Voice review: Greg Tate on Kanye West's Graduation
4. Against Me: New Wave
New Wave is sort of the flipside of Kala. The music is straight-ahead and strident, the accumulated effect of decades of amped-up punk and theatrically blue-collar rock and protest-music felt in virtually every note. This isn't the sort of music that usually accommodates ambivalence or grey areas; it's gang-yell singalong stuff. But throughout the album, Tom Gabel is totally wracked with doubt and guilt and self-hatred, the sort of feelings that come along when you're an anarchist folk-punk singer who signs with a major label. The entire album, it seems to me, is Gabel's relentless self-examination, wondering whether signing was the right decision or not. From a purely aesthetic standpoint, he was absolutely right, since New Wave sounds fucking great: gleaming guitars, enormous choruses, sudden moments of unexpected beauty like the ringing, crashing prechorus to "Borne on the FM Waves." But I understand that guilt and uncertainty, and it makes for more interesting fuel for this band's music than the unalloyed self-righteous rage of Gabel's earliest work. The album might sound simple, but this is complicated stuff.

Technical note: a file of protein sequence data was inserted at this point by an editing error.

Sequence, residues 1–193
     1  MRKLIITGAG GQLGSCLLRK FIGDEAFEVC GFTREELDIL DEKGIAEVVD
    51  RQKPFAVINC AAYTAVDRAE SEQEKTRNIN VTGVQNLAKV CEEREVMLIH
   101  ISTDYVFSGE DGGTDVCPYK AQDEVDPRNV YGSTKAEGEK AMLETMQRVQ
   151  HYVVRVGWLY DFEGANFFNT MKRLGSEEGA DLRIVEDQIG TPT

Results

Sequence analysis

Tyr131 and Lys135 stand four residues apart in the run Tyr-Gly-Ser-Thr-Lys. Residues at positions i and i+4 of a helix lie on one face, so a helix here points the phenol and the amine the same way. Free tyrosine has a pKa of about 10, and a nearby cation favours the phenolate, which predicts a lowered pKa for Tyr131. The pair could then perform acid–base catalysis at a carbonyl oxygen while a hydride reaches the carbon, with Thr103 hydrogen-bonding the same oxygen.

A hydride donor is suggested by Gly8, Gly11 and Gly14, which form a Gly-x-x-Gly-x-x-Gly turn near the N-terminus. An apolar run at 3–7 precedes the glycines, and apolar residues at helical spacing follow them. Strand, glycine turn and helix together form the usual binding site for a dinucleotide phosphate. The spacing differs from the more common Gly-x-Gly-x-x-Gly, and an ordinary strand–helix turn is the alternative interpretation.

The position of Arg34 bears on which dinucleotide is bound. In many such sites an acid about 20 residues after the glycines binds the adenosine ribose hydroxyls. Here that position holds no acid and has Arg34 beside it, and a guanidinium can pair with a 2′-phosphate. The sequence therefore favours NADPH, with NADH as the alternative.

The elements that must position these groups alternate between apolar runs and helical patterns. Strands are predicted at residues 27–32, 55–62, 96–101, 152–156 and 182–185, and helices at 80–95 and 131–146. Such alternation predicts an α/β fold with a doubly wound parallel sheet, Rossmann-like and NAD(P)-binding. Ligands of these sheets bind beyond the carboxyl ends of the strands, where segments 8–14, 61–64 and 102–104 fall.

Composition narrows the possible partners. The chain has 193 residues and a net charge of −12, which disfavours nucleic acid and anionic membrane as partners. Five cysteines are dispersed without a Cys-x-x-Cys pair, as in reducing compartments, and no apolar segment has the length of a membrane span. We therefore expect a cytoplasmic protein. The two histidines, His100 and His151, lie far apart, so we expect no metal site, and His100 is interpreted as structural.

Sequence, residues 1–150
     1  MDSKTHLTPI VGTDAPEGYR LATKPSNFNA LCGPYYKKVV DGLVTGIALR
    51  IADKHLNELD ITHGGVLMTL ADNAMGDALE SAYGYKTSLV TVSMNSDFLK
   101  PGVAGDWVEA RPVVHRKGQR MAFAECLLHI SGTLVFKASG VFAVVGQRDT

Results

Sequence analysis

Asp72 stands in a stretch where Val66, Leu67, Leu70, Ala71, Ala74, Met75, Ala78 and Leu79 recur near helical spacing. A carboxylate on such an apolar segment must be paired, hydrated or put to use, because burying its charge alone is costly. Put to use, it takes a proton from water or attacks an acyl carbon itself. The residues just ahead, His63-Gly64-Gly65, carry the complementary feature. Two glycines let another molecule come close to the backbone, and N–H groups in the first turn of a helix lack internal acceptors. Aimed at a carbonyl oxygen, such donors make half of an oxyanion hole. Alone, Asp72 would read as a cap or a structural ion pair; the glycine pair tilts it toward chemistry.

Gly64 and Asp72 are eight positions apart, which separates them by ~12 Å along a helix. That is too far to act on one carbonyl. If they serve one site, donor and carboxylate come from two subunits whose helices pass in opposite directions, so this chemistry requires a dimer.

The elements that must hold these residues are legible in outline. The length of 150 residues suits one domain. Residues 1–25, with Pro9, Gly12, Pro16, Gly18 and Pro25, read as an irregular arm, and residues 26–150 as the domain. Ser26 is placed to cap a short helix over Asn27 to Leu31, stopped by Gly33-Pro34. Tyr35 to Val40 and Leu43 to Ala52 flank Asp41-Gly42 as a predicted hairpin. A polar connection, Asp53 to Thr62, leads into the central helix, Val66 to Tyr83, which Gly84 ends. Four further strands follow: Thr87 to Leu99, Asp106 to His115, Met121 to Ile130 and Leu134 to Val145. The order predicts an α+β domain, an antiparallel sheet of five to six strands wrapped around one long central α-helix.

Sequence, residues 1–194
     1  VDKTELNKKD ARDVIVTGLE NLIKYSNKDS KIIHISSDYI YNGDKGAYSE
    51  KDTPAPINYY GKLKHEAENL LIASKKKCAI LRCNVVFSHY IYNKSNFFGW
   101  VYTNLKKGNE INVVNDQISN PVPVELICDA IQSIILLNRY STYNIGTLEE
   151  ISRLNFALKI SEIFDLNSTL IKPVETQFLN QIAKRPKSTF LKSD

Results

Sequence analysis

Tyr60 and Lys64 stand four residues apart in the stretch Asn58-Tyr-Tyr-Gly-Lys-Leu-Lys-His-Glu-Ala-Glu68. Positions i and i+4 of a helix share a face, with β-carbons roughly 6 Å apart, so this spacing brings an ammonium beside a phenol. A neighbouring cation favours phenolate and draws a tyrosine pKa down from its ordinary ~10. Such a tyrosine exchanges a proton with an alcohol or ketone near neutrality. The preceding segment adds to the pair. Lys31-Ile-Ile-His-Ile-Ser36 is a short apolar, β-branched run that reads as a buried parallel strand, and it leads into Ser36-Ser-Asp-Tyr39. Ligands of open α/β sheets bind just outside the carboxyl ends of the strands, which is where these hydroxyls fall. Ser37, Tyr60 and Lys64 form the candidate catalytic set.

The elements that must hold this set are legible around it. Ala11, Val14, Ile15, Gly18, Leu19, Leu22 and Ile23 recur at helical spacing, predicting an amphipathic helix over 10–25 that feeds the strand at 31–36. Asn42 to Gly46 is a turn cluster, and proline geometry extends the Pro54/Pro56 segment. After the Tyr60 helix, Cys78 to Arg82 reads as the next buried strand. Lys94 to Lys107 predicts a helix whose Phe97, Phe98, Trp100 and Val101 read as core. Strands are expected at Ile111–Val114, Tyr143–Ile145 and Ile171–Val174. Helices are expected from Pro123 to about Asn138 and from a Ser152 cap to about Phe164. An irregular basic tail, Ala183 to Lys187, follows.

5. Baroness: Red Album
Usually when metal bands reach for expansiveness, they fundamentally change the music so it barely sounds more like metal anymore. Isis, for instance, is closer to Mogwai than they are to Sabbath, and Isis's untold legions of followers are closer still, while Jesu, while heavy as fuck, is basically just not metal anymore. And then there's Opeth, who swing between amazing bursts of riffage and eerily calm new-age folk stuff and whose songs are all fifteen hours long. Baroness manage to find some middle ground without sounding like any of those bands. Red Album is absolutely a metal album in all the best ways. Baroness have managed to retain the deeply satisfying crunch and growl of the best doom and married it to a huge and devastating melodic sensibility. The part where the drums first kick in on opener "Rays on Pinion" earns Red Album a spot on this list just by itself. During the album's second half, things get a bit more muddled; the band fucks around a bit too much with time-signatures and incremental riff-changes. But the moments where everything opens up and then slams down sound like absolutely nothing else. If I ever drive through a desert during a thunderstorm, I hope I have this record with me.
6-10: Spoon: Ga Ga Ga Ga Ga; Angels of Light: We Are Him; Black Lips: Good Bad Not Evil; Young Bleed: Once Upon a Time in Amedica; Jens Lekman: Night Falls Over Kortedala.